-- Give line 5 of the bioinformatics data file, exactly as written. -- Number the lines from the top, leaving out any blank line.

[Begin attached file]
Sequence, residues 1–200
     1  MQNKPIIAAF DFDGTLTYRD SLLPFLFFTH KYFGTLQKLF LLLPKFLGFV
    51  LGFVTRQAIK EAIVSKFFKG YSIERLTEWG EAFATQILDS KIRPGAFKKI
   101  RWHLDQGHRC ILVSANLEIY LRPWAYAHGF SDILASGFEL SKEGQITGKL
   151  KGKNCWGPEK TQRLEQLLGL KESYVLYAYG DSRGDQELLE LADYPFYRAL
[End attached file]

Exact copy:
   151  KGKNCWGPEK TQRLEQLLGL KESYVLYAYG DSRGDQELLE LADYPFYRAL